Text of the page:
Tag Archives: Sci-Fi

Ready Steady Cut EP56 – Terminator 2: Judgement Day

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This is Episode 56 of the Ready, Steady, Cut! Podcast. On this episode, with the re-release and 3D remastered version hitting limited cinemas, we discuss what is regarded to be the best Sci-Fi Sequel of all-time – Terminator 2: Judgement Day

Trailer Talk is The Meyerowitz Stories and as always, we answer questions raised by our listeners and play another game of You Can’t Beat Me! This week it is iconic 80s characters

Episode Summary:

00:00 – Introduction and Episode Summary
04:48 – Trailer Talk – The Meyerowitz Stories
08:45 – Terminator 2: Judgement Day Discussion
1:00:16 – Questions from Listeners
1:13:02 – You Can’t Beat Me! – Iconic 80s Characters
1:27:27 – Final Comments

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Review – Valerian and the City of a Thousand Planets 

What’s this?

After many apparent hesitations, director Luc Besson and his wife decided to write an English-language French science fiction action-adventure film titled Valerian and the City of a Thousand Planets. It is based on the French comic series Valérian and Laureline. I am not familiar with the comics but in the past couple of months, I have admired the trailers from a visual standpoint. Then again, the movie did have a budget of 197 million Euros, so it should look mightily impressive. The movie has nowhere near matched the budget in the box office, and it is the most expensive European and independent film ever made. Ouch. I would hate to deliver that news to the board.

What’s it about?

Close your eyes for a minute and imagine a space station. Wait, this will not work. Instead, clear your mind for a minute and imagine a space station in 2020. Then years later, leading countries of the world attach their station to this one. Then many years later, other species from different planets send their station to join in on the action. This continues to happen until the 28th century. We now have one large planet made of cities (named Alpha) with a multitude of peace agreements. Still with me? Good. Now, imagine a planet far away with pale looking, peace loving Avatars, who are living in harmony amongst powerful energy-containing pearls, in a tropical paradise. All of a sudden, huge ships crash into their planet and they are wiped out. Lead male character Valerian wakes up. He just had a dream about this decimated planet and he is about to embark on a mission with Laureline ordered by his commander to retrieve a converter. They are later told that Alpha is infected by an unknown force and they must investigate and protect the Commander, suspiciously performed by Clive Owen.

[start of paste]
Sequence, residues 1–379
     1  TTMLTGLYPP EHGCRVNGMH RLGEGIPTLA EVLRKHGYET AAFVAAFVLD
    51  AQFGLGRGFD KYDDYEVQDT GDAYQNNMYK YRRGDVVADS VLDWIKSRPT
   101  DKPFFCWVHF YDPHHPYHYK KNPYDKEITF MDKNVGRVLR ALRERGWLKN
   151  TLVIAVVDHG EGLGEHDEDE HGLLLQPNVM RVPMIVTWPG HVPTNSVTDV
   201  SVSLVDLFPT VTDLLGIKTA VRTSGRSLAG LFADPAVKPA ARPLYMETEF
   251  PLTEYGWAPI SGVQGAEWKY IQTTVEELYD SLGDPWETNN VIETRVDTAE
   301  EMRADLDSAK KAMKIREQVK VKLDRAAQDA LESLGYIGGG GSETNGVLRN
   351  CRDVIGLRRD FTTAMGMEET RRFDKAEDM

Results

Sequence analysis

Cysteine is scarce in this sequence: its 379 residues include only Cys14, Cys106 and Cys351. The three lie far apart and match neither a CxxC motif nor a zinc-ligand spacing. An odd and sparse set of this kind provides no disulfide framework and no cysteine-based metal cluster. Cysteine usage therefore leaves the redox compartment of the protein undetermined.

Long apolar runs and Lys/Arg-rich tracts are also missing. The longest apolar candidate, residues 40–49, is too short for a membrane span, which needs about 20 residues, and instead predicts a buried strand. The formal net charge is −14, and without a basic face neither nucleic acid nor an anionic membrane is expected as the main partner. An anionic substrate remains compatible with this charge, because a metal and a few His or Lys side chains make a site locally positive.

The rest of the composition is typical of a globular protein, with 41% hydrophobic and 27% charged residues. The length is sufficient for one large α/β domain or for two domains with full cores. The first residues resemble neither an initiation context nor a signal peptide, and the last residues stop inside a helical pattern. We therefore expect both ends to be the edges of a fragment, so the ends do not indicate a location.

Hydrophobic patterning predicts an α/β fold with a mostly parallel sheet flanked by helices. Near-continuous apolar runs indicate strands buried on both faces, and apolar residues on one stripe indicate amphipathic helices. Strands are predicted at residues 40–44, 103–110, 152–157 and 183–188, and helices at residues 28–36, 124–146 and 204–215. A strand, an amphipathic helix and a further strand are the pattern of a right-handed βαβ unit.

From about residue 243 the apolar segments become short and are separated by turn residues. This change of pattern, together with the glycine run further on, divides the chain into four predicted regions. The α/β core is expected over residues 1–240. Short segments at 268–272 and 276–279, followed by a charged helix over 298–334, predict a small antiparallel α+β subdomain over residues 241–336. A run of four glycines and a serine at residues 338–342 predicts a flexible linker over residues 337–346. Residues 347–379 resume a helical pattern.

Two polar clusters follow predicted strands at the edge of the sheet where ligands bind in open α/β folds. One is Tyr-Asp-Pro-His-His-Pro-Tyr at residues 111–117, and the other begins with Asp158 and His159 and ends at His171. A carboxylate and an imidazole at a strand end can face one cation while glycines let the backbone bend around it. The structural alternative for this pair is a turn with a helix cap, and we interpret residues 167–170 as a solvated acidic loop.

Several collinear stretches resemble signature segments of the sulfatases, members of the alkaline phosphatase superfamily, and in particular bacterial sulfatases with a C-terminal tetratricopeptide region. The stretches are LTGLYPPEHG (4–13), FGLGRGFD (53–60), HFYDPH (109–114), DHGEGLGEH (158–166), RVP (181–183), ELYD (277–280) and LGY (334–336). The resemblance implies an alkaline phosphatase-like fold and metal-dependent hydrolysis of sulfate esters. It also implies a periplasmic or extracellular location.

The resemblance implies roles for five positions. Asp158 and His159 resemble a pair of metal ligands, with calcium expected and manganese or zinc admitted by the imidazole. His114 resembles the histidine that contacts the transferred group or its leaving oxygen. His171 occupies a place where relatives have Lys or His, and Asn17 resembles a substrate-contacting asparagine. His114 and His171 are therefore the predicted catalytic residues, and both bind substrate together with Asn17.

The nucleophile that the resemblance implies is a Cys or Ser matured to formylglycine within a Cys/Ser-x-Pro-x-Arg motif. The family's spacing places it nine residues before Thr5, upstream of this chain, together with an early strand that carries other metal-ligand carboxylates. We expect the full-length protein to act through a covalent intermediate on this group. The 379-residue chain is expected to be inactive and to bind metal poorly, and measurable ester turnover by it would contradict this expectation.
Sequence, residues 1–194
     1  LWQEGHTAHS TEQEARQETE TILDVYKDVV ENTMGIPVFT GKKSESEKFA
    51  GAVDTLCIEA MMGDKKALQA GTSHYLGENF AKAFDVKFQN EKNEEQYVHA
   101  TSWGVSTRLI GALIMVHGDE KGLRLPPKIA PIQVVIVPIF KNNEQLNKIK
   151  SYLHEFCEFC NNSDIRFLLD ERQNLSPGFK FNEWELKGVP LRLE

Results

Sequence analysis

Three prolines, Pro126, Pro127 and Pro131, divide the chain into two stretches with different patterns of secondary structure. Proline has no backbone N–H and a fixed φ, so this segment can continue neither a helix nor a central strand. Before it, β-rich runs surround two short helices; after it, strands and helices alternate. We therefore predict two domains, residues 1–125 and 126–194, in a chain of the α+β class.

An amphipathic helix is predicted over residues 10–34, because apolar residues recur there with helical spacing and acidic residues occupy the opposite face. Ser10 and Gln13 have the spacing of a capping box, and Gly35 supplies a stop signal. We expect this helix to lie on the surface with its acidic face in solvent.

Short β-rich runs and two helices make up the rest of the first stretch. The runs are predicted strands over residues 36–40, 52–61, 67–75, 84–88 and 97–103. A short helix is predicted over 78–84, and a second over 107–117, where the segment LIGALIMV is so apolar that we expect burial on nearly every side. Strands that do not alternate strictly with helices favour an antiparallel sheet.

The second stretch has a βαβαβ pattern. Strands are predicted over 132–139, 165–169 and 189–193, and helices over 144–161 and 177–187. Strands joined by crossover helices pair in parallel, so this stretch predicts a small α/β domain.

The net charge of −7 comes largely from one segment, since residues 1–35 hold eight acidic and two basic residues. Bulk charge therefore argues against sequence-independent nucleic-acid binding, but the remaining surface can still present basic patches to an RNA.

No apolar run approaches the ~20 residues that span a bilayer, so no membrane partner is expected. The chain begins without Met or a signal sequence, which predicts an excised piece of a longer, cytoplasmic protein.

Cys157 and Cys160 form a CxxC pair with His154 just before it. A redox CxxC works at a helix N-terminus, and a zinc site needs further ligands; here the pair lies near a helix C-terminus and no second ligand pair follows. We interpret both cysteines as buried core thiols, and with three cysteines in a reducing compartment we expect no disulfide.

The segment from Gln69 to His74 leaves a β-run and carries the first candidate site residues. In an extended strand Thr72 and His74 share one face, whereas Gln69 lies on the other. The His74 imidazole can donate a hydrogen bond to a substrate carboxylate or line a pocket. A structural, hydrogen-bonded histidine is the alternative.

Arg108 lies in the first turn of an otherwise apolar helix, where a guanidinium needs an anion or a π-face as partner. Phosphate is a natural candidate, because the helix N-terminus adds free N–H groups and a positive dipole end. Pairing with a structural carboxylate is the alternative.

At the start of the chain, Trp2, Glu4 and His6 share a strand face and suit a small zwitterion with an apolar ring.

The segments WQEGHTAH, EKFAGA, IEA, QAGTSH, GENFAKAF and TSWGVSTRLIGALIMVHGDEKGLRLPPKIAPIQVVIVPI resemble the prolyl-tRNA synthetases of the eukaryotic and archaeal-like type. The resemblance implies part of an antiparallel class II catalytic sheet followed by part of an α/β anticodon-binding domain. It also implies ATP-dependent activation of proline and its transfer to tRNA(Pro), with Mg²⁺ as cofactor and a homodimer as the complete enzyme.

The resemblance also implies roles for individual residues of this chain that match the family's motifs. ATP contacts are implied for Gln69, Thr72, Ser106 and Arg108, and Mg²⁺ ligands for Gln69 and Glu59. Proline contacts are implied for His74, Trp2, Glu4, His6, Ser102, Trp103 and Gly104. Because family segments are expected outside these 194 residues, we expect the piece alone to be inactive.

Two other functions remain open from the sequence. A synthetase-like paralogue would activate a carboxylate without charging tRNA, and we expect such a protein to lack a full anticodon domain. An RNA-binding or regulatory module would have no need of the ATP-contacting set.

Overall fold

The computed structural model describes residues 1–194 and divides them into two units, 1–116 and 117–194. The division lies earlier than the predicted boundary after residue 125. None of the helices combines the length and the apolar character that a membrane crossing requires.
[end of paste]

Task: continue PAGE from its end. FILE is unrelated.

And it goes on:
Can you see why I told you to close your eyes? This narrative has so many obstacles to jump around that, at times, it felt mentally challenging.

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Review – Prey

What’s this?

Weirdly enough, it’s absolutely nothing to do with 2006’s Prey, a topsy-turvy sci-fi shooter that, if memory serves, had an arsenal of weaponry comprised of living extraterrestrial organisms that would belch gelatinous projectiles at the player’s foes. It also had a wrench, which means that, as a matter of fact, 2006’s Prey does indeed have something in common with 2017’s Prey, and it’s newer, shinier wrench, as well as 2007’s Bioshock, with its underwater, objectivist wrench, and even 1999’s System Shock 2, which had a blocky, pixelated wrench, and is a game to which all of those listed above owe a rather significant mechanical and thematic debt.

It’s another first-person sci-fi quasi-horror wrench-swinging RPG, is what I’m saying.

Could have just said that.